Nukabira         prec ipitate in the fracture                                             C        A          C         B                  AA

                 precipitate in the fracture                 A         A                                                B
Sarugawa
                 host serpentinite                           A         A                                                C            C

                 aragonite vein in the
                                                                                                  AA
Takadomari       serpentinite

                 matrix of talus                                                C

    extreme large amount A•Flarge amount B•F
AA •F                                                      small amount
                                           medium amount C•F

  Chr: chrysotile Mg 3 Si3 O5 (OH) 4                             Pyr: pyroaurite Mg 6 Fe 2 CO 3 (OH) 16 ¥ 4H 2 O

  Liz: lizardite Mg 3 Si3 O5 (OH) 4                              Br: brucite Mg(OH) 2

  Sp: low-crystallinity serpentine Mg 3 Si3 O5 (OH) 4            Mao: magnesium alumino oxide MgAl 2 O4

  Cal: calcite CaCO ‚R                                           Qz: quartz SiO 2

  Ara: aragonite CaCO3                                           Pl: plagioclase NaAlSi 3 O8 -CaAlSi 2 O8

  Htc: hydrotalcite Mg 6 Al 2 (CO 3 )(OH) 16 ¥ 4H 2 O



                                                                    Table 2 Chemical compositions of groundwater

                                                                                                                                                           (mg/l)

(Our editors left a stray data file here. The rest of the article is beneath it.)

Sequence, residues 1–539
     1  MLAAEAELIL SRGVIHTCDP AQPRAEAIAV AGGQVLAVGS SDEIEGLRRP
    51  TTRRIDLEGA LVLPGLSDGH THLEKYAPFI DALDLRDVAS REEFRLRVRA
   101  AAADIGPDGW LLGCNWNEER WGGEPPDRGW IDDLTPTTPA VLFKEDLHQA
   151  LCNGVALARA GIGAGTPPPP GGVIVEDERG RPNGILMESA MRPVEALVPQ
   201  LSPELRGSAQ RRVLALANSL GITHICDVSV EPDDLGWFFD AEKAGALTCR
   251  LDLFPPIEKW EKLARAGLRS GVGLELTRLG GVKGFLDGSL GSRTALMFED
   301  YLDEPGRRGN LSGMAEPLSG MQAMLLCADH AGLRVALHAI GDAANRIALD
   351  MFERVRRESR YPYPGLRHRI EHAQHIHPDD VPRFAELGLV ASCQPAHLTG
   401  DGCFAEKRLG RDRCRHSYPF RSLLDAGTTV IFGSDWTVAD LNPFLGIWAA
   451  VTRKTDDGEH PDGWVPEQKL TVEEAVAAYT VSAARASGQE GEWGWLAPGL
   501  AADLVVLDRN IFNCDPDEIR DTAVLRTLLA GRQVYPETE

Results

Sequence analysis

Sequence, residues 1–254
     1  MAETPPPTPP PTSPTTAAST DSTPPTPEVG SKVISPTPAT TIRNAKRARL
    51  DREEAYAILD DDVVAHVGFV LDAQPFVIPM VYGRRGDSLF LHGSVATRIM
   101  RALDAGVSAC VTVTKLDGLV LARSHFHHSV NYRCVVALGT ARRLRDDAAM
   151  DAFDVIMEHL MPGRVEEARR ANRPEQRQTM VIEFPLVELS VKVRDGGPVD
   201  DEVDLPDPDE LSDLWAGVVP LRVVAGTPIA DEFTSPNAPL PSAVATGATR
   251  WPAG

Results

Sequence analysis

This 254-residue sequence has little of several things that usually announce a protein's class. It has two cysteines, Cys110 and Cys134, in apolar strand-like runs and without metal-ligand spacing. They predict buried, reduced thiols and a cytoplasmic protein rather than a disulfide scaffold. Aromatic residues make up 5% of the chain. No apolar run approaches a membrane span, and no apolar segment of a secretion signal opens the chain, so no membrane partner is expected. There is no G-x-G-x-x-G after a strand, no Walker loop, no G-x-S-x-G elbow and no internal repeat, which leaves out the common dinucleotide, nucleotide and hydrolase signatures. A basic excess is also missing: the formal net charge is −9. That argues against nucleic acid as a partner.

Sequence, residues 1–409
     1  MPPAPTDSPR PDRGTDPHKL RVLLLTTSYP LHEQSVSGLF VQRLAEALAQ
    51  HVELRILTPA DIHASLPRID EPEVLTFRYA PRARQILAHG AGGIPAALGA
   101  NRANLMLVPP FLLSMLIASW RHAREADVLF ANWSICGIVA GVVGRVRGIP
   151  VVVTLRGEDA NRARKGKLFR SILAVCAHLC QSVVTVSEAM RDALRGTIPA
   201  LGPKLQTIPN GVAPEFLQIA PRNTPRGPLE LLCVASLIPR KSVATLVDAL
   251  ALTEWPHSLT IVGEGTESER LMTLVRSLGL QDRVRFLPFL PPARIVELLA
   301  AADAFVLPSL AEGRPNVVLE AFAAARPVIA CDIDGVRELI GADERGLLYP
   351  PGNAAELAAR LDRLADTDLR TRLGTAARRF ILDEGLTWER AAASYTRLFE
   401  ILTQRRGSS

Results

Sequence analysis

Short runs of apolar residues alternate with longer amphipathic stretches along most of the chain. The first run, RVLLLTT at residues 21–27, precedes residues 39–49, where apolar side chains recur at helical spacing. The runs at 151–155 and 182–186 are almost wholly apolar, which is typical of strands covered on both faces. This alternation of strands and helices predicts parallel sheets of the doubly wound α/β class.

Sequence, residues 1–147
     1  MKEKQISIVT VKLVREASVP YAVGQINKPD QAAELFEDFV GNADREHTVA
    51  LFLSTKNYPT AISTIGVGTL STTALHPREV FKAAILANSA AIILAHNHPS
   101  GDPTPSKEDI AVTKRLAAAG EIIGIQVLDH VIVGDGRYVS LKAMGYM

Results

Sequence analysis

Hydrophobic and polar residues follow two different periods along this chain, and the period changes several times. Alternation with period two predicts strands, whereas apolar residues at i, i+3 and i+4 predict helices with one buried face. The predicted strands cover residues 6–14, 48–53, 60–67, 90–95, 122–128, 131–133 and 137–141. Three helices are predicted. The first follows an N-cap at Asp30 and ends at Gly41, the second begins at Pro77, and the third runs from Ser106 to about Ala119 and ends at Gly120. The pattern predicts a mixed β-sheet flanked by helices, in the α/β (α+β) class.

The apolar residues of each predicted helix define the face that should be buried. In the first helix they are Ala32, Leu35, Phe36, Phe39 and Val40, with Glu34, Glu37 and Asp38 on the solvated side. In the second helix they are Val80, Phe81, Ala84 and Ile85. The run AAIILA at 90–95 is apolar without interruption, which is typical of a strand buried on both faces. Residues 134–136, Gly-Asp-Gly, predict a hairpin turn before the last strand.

locality         pH           Na          K         Ca           Mg         Fe         Cl -       SO4 2-   HCO3 -   CO 3 2-

                                                                                                                                                                     4
                             Niniu             10.3       2.1       <0.4    3.5           27       1.2     17          1             82     21

                             Takadomari        10.6       5.2       <0.4     1            51      0.05      8          4             88     92




                                            Table 3 Isotopic ratios and 14 C age of carbonate and serpentine samples
                                                                             δ18 O               δD        δ13 C
            sample               locality             mineral facies                                                         14   C age
                                                                           (SMOW)              (SMOW)     (PDB)

Serpenti nite (host rock)    Sarugawa           Chr, Liz>>Pya, Br                   5.7           -116

Low-crystallinity
serpentine associated with   Takadomari                                           10.4             -86
carbonates

Groundwater                  Takadomari                                           -17.8           -70.3

                             Niniu              Cal>Ara>Sp                        20.7                          -9.5          110.4 (MC)

                             Niniu              Chr, Liz>>Pya, Qt, Pl             19.1                          -7.8       1,860± 40 (BP)

Carbonate                    Nukabira           MAO>Ara>Cal                       20.9                          -7.5 22,700± 100 (BP)

                             Sarugawa           Chr, Liz>>Pya                     20.0                          -3.9       5,480± 40 (BP)

                             Takadomari         Ara                               21.1                       -12.8     17,100± 70 (BP)

SMOW: Standard Mean Ocean Water

PDM: Pee Dee Belemnite